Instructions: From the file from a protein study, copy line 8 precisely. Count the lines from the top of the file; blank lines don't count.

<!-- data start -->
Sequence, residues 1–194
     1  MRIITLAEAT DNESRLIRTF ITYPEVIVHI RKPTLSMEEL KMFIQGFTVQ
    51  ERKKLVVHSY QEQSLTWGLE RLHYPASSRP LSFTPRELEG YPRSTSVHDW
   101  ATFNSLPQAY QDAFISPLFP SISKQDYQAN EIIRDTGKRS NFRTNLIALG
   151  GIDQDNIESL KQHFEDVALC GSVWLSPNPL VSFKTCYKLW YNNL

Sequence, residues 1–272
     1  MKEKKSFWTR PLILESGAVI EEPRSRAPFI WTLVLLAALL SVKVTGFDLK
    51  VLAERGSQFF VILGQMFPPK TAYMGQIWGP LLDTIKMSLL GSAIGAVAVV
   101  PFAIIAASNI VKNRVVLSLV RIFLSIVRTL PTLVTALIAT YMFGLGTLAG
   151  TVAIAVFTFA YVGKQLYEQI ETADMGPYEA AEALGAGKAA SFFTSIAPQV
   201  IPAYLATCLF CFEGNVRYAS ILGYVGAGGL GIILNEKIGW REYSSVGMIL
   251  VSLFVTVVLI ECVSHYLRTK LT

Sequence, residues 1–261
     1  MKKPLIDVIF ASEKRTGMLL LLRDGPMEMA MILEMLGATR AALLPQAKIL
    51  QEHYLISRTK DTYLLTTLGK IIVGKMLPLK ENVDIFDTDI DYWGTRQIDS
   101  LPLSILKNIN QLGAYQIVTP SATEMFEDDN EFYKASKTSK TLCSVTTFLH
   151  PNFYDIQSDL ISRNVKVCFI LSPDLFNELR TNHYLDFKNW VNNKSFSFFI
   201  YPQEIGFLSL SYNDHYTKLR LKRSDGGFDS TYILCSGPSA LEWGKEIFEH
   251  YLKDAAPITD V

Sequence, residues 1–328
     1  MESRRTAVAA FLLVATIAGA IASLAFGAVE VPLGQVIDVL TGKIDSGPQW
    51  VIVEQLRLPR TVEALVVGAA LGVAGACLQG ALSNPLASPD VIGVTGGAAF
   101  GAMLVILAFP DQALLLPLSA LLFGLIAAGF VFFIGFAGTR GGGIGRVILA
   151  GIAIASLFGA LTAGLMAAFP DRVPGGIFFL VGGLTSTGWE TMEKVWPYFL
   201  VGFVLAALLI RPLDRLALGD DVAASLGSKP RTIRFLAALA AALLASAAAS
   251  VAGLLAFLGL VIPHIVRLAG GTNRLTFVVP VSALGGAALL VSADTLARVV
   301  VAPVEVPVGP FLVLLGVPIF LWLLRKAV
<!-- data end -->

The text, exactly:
    51  VLAERGSQFF VILGQMFPPK TAYMGQIWGP LLDTIKMSLL GSAIGAVAVV